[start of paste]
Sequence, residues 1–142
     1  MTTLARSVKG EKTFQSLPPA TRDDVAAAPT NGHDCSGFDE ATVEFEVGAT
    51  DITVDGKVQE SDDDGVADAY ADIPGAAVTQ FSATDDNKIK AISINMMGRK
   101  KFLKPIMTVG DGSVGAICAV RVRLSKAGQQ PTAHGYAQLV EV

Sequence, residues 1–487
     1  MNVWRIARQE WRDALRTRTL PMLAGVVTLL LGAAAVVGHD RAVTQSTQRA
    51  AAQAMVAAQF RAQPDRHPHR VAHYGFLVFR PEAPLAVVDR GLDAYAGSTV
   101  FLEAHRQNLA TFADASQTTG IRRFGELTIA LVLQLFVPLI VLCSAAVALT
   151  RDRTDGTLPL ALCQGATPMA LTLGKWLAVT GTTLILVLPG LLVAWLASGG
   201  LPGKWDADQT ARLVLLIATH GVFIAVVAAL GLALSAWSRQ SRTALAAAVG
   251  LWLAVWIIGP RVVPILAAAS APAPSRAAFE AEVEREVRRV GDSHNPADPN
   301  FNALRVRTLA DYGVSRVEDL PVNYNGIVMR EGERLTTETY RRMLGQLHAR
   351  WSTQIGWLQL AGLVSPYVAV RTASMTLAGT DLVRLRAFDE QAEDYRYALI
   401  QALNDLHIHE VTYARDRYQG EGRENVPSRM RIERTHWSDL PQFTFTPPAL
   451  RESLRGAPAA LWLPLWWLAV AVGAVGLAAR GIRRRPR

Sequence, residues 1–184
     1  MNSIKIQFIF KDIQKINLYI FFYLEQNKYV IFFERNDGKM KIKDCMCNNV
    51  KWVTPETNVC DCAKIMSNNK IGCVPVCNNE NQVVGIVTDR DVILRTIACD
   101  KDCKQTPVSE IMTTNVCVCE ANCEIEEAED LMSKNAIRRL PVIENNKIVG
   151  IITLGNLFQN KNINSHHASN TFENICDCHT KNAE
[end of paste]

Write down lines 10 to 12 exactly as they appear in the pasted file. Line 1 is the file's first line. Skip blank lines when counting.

   201  LPGKWDADQT ARLVLLIATH GVFIAVVAAL GLALSAWSRQ SRTALAAAVG
   251  LWLAVWIIGP RVVPILAAAS APAPSRAAFE AEVEREVRRV GDSHNPADPN
   301  FNALRVRTLA DYGVSRVEDL PVNYNGIVMR EGERLTTETY RRMLGQLHAR